Ankylosing spondylitis is an inflammatory disorder of the axial skeleton, peripheral joints, and extraarticular structures. Over 90% of pts have HLA-B27, a protein on the surface of WBCs in the presence of infection. It is 2-5 times more common in males, and onset is typically in the 2nd or 3rd generation.
Occurs at entheses (attachment points between tendon, ligament, or capsule and bone)
I just started my first year of Medical School and we are learning how to take patient histories. I noticed that doctors tend to have certain lines or go-to phrases they say when they address different issues in the conversation, so I’m wondering if medblrs can reblog this and add some of the things they like to say when taking a history.
(Nurblr responses are welcome too, as are signal boosts, thanks! 😊)
I like those medicated and mighty posts, I’m really proud people are taking care of their health physical and mental. I’d like to see lots of fellow Catholics/Christians post some, there’s a pretty big stigma regarding needing medication because some people are misinformed or ignorant and believe it to be some sort of “weakness” of the faith. It’s a really amazing act of humility, trust, and strength to take care of your physical and mental health when it is out of your hands. Allowing God to work through physicians and medication is Holy work, and I hope people post more of those. I really like to see them in my feed. So if you were wondering if you should I’m cheering you on!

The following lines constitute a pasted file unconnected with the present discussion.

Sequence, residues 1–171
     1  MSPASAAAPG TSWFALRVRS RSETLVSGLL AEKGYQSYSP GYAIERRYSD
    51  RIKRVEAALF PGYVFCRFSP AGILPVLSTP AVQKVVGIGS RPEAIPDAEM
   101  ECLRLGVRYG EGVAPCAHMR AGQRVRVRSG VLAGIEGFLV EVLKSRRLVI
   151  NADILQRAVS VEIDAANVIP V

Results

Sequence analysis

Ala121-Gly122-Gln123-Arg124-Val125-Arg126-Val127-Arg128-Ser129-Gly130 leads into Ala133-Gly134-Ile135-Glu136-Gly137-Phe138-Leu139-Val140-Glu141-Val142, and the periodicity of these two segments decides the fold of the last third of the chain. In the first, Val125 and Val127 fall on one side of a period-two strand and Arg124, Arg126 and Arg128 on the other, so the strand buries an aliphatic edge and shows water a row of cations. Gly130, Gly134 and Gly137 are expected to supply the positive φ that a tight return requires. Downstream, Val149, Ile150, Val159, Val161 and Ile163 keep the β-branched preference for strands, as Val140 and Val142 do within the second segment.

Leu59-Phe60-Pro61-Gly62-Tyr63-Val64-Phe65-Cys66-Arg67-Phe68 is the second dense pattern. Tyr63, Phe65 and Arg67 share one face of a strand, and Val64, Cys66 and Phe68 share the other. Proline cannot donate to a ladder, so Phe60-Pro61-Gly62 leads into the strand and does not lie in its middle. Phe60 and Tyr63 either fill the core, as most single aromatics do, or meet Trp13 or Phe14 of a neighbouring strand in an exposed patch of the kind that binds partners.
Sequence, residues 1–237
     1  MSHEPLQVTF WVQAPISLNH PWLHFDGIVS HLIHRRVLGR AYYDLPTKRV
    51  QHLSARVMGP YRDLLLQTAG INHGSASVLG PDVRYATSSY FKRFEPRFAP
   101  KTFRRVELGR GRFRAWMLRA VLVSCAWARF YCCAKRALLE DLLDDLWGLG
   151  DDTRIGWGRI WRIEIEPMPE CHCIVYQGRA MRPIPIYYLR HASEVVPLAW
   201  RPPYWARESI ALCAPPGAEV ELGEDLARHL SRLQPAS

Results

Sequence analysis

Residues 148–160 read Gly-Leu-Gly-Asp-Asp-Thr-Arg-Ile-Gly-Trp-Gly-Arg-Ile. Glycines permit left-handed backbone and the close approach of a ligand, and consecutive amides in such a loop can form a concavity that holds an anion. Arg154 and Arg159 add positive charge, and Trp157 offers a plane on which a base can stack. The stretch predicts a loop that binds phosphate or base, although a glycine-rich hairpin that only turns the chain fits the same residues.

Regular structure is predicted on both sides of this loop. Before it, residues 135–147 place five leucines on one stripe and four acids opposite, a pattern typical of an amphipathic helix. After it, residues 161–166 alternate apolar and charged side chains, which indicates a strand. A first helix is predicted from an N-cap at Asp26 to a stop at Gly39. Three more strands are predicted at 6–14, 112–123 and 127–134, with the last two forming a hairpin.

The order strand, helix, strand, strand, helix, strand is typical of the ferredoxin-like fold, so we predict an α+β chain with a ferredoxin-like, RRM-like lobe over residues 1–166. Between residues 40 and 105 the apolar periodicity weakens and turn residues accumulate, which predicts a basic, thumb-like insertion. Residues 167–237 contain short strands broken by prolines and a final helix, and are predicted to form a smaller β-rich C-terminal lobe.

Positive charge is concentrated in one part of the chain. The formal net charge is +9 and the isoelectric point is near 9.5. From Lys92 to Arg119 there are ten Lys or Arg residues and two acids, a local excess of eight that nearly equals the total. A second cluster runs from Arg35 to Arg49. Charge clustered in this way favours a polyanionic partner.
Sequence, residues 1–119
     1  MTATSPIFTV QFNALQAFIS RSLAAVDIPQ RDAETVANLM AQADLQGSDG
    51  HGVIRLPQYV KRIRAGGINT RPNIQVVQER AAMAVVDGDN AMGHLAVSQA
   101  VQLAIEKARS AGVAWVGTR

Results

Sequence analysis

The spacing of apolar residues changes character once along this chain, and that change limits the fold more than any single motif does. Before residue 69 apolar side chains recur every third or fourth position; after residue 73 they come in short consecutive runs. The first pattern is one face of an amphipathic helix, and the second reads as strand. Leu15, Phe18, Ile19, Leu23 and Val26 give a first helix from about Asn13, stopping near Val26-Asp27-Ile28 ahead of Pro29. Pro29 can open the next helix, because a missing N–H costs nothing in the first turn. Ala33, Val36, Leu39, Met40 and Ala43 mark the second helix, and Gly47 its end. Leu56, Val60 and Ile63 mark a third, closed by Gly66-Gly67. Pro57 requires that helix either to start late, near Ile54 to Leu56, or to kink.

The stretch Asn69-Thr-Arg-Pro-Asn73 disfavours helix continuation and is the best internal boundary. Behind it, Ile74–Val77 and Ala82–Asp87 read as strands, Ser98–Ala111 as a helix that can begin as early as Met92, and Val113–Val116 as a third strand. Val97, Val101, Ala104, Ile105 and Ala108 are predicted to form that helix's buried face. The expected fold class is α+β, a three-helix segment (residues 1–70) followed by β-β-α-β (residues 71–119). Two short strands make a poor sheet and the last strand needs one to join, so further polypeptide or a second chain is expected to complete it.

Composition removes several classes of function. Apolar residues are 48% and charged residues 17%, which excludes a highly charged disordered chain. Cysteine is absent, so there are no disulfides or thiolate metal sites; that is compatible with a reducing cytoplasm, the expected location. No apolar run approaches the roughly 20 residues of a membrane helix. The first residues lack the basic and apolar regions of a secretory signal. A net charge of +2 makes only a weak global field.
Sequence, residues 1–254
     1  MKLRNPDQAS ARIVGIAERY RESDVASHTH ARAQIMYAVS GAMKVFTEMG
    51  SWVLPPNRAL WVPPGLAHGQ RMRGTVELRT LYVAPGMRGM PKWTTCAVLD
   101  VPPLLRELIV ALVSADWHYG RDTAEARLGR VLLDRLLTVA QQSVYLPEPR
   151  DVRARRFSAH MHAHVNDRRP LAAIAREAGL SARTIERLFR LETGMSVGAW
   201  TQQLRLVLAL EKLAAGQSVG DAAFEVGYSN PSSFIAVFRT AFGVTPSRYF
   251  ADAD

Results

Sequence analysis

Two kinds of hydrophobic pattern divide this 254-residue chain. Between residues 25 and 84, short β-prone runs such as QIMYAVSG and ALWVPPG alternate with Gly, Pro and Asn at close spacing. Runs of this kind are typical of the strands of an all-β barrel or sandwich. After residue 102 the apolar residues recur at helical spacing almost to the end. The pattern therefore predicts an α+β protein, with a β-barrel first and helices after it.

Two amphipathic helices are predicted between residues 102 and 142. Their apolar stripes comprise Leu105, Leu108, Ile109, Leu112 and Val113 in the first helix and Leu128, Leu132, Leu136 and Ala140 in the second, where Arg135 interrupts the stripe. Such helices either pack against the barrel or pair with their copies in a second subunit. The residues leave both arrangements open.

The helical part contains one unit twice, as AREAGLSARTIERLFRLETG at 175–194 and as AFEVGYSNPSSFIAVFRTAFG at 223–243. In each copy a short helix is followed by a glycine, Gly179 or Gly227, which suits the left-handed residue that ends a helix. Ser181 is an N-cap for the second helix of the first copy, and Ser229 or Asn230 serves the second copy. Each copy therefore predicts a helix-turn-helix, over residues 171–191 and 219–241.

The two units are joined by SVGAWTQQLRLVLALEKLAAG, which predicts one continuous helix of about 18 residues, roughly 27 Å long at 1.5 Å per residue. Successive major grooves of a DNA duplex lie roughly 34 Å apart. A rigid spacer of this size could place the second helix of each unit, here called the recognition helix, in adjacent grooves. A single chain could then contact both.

Sara Josephine Baker, or “Dr. Joe” to her friends, was a
groundbreaking physician in the fields of public health and preventative medicine. After working for several years as a medical
examiner and private physician in New York City, she became assistant to the
commissioner of health in 1907. A year later, she was made director of the
Bureau of Child Hygiene, where she implemented a number of programs aimed at reducing mortality rates among infants and children living in poor
And behind the camera is Jessie Tarbox Beals, the country’s first female photojournalist, who kept a studio for many years in New York City.
If you think the details are not important, then leave the profession now. Our job is saving lives, a most ancient and honorable profession. If we have a bad day, someone will pay for our mistakes with suffering or even death. Since the early beginnings of EMS, patients and even rescuers have lost their lives because attention was not paid to the details. Many of us can recall patients that we might have saved if we had been a little smarter, a little faster, or a little better organized. Make no mistake, there is no “high” like saving a life, but we carry the scars of our failures all our lives.
Your mind-set and attitude are very important. You must be concerned but not emotional, alert but not excited, quick but not hasty. Above all, you must continuously strive for what is best for your patient. When your training has not prepared you for a situation, always fall back on the question: “What is best for my patient?”
When you no longer care, burnout has set in, and your effectiveness is severely limited. When this happens, seek help. (Yes, all of us need help when the stress overcomes us.) or seek an alternative profession.